Mind you, this is not coming from a fierce Generation I loyalist, either. I actually like Pokémon beyond Red and Blue. You know what my favorite Pokémon is? Garchomp. What’s there not to like about a face-eating land shark that moves at mach speeds? I also have a Milotic that I’ve used to beat the Elite Four in every region. I always make sure a Metagross is a part of my team, I have a Rotom that’s gotten me out of a lot of jams, and I think Victini is downright adorable. I look down on anyone who hasn’t played any of the series beyond its Game Boy days, because they’re missing out on the soul-enriching experience of catching a Bidoof.

But as much as I defend the nearly 500 other entries in the National Dex, there’s no denying that not every one of them is a winner. You made an ice cream cone Pokémon, Game Freak. You made three of them. You just slapped googly eyes on Mr. Tastee and you have to go to bed every night with that on your conscience. And that’s fine, really. You make all the sentient garbage bags you want. What’s not okay is applying the same level of forethought that you put into Stunfisk into an unnecessary update on my cherished childhood memories.

Listen, my frustration isn't entirely your fault. I’m in a very weird place right now. It just seems that recently the entire world is hell bent on stomping all over the things I once held dear. First Devil May Cry gets an Itchy & Scratchy & Poochie Show-style reboot with a Dante that has black hair and chugs energy drinks and, I don’t know, probably uses Snapchat to defeat Hell's unholy army. Then I learn that David Hayter wasn’t asked to voice Solid Snake for Metal Gear Solid 5, as if anyone could even fathom replacing that gravel-voiced angel. And now Disney is going all “Uncle Owen’s farm” on Lucasarts and torching the place, reminding me that nothing is forever and that everything beautiful in life eventually decays into a husk of its former glory before succumbing to an ignoble death.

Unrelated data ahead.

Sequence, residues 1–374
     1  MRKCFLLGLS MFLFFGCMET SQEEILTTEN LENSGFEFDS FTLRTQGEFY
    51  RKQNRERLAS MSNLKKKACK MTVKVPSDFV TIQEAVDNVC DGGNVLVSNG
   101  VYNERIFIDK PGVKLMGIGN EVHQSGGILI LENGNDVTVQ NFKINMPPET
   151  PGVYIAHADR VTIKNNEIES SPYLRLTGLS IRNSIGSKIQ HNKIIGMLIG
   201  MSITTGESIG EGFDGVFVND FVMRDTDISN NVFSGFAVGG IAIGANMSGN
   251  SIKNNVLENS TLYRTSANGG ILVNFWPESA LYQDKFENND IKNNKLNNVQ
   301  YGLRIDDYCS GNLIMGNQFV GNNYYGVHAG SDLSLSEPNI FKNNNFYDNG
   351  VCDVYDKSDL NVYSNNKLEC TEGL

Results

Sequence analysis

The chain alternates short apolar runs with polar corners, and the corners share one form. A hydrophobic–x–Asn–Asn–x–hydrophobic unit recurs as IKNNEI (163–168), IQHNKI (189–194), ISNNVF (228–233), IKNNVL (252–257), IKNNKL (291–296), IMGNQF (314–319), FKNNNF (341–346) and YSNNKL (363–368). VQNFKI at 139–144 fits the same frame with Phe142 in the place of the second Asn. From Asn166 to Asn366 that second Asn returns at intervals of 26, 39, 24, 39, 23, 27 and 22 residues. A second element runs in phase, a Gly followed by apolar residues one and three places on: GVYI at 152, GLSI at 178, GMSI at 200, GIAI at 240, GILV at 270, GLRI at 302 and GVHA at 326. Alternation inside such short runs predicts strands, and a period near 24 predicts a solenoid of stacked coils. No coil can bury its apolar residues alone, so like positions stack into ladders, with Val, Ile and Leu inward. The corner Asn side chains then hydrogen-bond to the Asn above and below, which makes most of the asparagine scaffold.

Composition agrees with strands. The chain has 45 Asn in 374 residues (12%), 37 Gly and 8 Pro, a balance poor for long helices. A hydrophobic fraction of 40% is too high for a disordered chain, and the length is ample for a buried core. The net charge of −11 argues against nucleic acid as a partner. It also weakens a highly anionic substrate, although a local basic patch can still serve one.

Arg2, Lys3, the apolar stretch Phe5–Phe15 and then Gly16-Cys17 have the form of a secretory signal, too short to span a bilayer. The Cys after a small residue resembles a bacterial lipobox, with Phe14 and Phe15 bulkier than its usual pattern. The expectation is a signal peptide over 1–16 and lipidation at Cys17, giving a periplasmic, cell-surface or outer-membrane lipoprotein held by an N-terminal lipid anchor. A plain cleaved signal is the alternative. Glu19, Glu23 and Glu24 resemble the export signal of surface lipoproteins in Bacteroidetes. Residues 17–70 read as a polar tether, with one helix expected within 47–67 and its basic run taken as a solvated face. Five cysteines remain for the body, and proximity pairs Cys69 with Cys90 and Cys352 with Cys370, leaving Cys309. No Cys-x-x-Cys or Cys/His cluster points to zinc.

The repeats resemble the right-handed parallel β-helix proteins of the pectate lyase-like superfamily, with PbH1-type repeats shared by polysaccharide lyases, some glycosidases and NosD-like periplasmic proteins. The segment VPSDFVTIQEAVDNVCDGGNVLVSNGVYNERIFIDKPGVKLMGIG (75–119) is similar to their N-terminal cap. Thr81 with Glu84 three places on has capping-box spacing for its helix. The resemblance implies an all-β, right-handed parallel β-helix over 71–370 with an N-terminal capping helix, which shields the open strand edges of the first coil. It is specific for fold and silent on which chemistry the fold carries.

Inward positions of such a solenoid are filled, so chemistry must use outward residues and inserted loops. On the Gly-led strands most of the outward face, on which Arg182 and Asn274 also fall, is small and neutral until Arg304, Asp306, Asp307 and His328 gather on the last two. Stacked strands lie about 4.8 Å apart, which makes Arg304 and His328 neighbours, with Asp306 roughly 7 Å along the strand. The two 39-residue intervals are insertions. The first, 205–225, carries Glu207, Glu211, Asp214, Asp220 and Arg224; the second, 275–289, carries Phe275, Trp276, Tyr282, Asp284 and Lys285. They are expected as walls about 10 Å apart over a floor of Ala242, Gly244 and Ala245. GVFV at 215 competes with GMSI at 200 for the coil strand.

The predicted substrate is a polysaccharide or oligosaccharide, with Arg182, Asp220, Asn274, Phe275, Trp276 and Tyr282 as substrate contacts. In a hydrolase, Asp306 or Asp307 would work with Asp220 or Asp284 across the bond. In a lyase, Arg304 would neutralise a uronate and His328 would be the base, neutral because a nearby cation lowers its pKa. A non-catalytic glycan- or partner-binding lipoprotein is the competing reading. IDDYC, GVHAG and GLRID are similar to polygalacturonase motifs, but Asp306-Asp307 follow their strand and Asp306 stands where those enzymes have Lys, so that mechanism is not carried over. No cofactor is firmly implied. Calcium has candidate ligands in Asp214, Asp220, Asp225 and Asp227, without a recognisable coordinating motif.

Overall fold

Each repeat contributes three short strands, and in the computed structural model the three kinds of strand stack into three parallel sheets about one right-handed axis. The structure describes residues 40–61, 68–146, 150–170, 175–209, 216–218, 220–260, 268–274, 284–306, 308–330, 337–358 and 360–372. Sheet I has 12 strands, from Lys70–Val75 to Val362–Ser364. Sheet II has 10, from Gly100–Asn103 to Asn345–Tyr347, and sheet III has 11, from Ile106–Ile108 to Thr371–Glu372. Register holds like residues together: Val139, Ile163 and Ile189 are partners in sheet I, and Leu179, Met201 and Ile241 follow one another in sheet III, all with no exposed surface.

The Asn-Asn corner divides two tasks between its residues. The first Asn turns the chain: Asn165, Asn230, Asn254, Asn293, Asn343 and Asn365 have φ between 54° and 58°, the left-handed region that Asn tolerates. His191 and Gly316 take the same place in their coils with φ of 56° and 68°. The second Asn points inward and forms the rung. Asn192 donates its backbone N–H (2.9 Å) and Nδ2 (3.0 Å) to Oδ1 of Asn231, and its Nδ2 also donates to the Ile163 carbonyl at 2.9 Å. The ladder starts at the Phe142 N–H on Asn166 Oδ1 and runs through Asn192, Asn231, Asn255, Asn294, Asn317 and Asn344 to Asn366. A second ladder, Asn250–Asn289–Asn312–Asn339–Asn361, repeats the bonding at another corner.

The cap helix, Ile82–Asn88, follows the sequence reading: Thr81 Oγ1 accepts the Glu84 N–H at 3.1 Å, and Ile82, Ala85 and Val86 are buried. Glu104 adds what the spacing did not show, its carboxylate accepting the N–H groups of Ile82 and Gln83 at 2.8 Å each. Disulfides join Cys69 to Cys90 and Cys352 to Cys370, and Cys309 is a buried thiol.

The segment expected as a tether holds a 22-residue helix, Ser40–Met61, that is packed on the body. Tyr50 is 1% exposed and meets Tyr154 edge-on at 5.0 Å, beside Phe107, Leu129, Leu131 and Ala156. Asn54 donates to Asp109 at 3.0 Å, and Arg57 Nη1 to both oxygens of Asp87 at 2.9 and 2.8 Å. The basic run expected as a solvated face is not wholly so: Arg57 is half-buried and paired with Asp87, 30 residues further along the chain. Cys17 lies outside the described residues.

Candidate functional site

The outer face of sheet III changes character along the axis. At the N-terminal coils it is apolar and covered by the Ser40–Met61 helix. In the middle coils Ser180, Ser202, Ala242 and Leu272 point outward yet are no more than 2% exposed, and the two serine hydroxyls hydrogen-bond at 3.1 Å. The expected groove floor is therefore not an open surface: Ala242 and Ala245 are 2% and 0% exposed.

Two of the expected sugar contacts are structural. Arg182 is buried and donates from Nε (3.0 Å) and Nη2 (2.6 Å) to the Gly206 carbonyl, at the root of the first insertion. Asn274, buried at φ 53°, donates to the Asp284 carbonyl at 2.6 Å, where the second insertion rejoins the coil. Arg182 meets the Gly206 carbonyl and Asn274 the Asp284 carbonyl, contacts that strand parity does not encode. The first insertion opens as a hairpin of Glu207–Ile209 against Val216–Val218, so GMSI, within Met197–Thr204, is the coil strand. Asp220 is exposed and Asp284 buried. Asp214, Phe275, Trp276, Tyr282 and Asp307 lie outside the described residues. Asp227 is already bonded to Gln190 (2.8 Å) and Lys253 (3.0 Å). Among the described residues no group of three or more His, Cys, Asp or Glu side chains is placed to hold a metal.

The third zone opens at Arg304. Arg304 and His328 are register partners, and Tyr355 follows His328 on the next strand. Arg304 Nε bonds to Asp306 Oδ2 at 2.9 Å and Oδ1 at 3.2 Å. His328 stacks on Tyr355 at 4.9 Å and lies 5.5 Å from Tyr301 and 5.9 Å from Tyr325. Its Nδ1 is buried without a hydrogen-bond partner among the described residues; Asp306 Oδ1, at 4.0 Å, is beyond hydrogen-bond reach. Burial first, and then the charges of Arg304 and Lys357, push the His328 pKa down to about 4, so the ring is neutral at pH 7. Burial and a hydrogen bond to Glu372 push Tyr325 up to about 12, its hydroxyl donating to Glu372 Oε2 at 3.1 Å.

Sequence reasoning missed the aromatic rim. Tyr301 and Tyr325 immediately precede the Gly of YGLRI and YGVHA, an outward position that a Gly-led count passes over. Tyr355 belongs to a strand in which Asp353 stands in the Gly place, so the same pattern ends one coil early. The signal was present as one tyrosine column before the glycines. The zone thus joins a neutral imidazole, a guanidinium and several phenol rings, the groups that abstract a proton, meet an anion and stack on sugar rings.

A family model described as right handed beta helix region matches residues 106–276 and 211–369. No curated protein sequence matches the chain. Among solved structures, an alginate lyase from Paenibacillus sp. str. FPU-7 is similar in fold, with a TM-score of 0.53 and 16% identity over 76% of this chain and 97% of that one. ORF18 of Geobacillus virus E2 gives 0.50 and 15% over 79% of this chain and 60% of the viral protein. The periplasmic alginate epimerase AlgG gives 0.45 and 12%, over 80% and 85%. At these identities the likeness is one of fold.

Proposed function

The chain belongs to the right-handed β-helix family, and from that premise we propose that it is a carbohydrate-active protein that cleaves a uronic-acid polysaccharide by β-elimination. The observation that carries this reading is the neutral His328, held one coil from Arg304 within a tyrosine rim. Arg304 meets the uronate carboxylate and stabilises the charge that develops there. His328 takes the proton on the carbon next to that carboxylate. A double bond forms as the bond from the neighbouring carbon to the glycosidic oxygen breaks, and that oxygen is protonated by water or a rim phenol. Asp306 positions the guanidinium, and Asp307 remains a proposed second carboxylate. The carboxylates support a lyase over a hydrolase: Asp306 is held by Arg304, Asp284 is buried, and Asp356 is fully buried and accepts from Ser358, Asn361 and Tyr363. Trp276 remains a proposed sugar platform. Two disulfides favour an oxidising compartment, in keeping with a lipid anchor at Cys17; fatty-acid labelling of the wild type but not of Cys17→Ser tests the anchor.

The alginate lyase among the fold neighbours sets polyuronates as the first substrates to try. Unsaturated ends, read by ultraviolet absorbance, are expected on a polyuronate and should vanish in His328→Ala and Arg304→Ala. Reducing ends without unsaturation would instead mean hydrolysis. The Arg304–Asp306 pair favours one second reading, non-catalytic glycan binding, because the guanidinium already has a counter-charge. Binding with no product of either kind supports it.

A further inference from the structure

Can’t we just have one thing that’s sacred in videogames? One thing that isn’t reimagined or replaced or ruined for the sake of a few easy bucks? I’m not saying Generation I Pokémon are some kind of untouchable ideal. They’re not. You guys made a transvestite in blackface that we all just kind of pretend never happened. And it’s not like updates on the original 151 can’t be done right. Electivire is pretty awesome, and Magmortar is a glorious realization of all the Pokémon I designed in 4th grade that had flaming cannons for hands.

But Mewtwo is different. Mewtwo is untouchable. Mewtwo represents everything I loved about Pokémon. The wonder I felt when I navigated Cerulean Cave’s labyrinthine passageways in search of the hulking genetic experiment lurking miles beneath Kanto. The triumph of capturing the telekinetic behemoth without chumping out and using a Master Ball. The escapist power trip of leveling that attempt-at-playing-God-gone-awry all the way to 100 and repeatedly tearing through the Elite Four to watch Professor Oak disown his grandson and crown me Champion in a delicious Schadenfreude loop.

Sure, maybe this Newtwo nonsense will provide a generation of kids all the same thrills I experienced. And sure, maybe this is all just the insane ramblings of someone who is ascribing too much meaning to a fictional children’s monster as the encroaching tide of adulthood threatens to sweep over them completely. But screw it. Let me have this, Game Freak. Mewtwo was a legendary back when that word still meant something. This abomination is only a reminder that the symbols of our youth – these silly totems that once held such significance – can be manipulated for a cheap nostalgic kick that keeps us chasing a feeling that we can never get back.

Seriously, seventeen years of fire/water/grass starters and this is what you jerks decide to change? I think it’s time you reevaluate your priorities Game Freak, and this is coming from a grown man who just took to the Internet to write a near 1,000 word rant about a new Pokémon.   read